the Debian Project Leader or to the developer body.

* Developers can nominate themselves for membership in infrastructure
  teams. These nominations are communicated to the whole team and they
  can be made every four months.
* Infrastructure teams have to decide to accept or reject candidates who
  nominated themselves. The basic requirements are:
  * Candidates for team membership have to demonstrate some minimal
    existing competence in the area. It is recommended for candidates
    to have helped the team in some way in the past.
  * Candidates for team membership have to pledge availability to the team.
    It is recommended that candidates pledge no less than twelve months of
  * Candidates for team membership have to promise to make every reasonable
    effort to work with the existing team.
  * Teams can require any number of other qualities from the candidates,
    as determined by their specific circumstances. These qualities have
    to be determined by team consensus.
* Team decisions regarding validity of candidates have to be communicated
  to the Debian Project Leader or to the developer body.
  Each decision also has to be communicated to the candidate in question.
* These decisions and communications have to be done before the end of
  the nomination round (i.e. within four months).

* If a new member is not willing to work productively in a team,
  or if they are otherwise a destructive influence in the team,
  the previous team members can and should promptly remove them.
* Removed members of teams can't nominate themselves for membership in
  the same team for the period of twelve months since their last removal.

* Infrastructure teams should ensure that they don't have too few members.
  The basic requirements for this are:
  * Infrastructure teams need to have enough active members to carry out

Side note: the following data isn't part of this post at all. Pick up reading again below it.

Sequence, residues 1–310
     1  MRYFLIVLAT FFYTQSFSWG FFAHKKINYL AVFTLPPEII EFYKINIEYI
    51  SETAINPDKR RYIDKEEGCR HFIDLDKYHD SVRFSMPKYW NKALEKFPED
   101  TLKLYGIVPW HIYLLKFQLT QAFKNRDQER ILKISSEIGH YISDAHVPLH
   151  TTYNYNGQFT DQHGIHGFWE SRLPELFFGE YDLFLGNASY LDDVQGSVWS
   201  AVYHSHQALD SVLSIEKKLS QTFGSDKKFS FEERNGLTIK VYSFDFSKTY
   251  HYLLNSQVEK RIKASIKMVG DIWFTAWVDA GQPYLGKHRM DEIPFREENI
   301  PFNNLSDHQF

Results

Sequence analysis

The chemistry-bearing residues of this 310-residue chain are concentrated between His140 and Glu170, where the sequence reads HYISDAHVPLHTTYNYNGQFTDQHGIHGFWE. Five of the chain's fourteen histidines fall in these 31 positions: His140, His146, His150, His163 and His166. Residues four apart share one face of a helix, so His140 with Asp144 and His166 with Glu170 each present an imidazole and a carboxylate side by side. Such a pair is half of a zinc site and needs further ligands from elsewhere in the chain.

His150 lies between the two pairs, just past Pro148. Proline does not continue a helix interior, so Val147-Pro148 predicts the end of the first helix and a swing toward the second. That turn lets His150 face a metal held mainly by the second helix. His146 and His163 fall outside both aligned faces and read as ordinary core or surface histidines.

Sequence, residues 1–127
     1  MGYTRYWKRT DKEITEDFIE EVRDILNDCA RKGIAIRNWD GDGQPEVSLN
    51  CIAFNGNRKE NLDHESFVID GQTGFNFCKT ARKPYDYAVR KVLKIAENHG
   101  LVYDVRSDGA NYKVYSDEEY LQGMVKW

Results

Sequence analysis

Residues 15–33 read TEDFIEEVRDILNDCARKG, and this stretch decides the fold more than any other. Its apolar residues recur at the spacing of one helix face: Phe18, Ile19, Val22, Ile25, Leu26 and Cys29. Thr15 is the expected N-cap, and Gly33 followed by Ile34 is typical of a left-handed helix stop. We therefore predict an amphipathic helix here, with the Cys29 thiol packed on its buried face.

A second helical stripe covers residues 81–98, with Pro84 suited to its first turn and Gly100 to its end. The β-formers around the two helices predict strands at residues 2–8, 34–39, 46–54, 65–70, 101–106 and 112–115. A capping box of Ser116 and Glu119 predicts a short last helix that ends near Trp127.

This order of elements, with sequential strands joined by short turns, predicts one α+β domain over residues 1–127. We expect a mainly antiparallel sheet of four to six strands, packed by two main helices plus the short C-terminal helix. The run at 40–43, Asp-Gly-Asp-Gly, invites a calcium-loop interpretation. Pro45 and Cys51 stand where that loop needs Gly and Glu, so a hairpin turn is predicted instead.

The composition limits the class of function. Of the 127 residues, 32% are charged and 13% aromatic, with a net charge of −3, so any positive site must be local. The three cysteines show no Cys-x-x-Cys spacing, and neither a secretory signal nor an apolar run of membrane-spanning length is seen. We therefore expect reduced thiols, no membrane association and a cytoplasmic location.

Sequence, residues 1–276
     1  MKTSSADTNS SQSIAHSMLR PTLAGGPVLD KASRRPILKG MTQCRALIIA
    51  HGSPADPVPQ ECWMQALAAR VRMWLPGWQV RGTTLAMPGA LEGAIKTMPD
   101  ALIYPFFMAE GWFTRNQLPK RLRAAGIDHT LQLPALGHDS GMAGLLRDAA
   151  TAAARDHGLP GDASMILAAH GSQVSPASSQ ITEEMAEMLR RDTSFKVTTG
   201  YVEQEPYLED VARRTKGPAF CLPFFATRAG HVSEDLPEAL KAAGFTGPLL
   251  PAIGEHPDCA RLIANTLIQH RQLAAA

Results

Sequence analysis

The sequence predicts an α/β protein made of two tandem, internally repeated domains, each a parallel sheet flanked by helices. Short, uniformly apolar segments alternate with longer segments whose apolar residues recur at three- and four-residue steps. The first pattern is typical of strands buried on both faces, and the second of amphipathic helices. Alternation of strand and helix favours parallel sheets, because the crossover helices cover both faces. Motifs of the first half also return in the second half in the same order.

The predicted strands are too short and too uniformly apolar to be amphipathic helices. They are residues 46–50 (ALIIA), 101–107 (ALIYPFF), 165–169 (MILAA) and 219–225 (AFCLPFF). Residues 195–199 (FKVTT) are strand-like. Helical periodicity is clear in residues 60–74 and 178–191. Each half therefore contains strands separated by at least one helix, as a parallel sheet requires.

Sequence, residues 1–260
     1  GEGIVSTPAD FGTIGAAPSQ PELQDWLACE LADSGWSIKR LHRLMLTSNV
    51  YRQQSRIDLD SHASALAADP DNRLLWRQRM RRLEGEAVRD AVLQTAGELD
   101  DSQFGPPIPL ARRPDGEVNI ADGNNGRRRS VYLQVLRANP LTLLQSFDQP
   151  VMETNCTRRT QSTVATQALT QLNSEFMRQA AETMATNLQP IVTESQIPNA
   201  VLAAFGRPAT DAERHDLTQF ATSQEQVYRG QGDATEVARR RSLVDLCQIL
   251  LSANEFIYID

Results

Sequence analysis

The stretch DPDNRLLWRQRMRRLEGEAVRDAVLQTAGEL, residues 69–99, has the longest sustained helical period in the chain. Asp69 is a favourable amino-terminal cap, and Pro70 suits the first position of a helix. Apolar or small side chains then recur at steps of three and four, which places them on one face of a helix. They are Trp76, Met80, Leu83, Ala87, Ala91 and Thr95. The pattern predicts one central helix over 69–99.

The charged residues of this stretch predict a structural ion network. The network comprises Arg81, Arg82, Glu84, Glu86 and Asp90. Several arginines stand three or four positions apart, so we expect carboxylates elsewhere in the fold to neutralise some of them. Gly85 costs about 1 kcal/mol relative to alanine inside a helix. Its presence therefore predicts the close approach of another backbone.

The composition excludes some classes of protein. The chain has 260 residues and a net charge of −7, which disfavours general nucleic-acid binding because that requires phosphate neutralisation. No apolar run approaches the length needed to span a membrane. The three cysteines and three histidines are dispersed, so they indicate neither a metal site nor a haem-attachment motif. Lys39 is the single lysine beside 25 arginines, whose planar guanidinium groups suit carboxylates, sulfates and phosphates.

their responsibilities.
  * Each infrastructure team has to accept at least two valid candidates
    every two years.
  * Each infrastructure team has not added any new members according to
    the rule above, but has had to mark at least two members as latent
    in the same period, has to accept at least one new valid candidate.

* Infrastructure teams should ensure that they don't have too many members.
  The basic requirements for this are:
  * Each infrastructure team should review their membership roster
    every four years. During the review, the team is encouraged to remove
    members who have been latent for very long periods of time.
  * If the team has sufficient active members without having fulfilled
    the requirement of adding two new valid candidates every two years,
    and if the Debian Project Leader agrees, they can forgo that rule.

* The Debian Project Leader has to evaluate team decisions on which
  members are latent, which members are added, and which members are
  removed, all according to the procedures described above.
* The Leader can require the team to reconsider these decisions and require
  additional explanations, particularly in the cases where the appropriate
  time constraints aren't respected.

* If the team fails to make any additions or removals according to the
  procedures described above, the Debian Project Leader can make
  the minimum required additions instead. The Leader decides the validity
  of candidates according to the procedure described above, adds new team
  members and communicates that decision to the developer body. Such new
  team members can also be rescinded by the Debian Project Leader, unless
  they get confirmed as valid and accepted into the team by team consensus.

* With regard to communication and documentation, infrastructure teams
  should try to work under the guidelines laid out in the Debian Developer's
  Reference, in particular the procedures on how to handle bug reports, how
  to record changes, how to participate in mailing list discussions, and in
  general how to collaborate with other developers.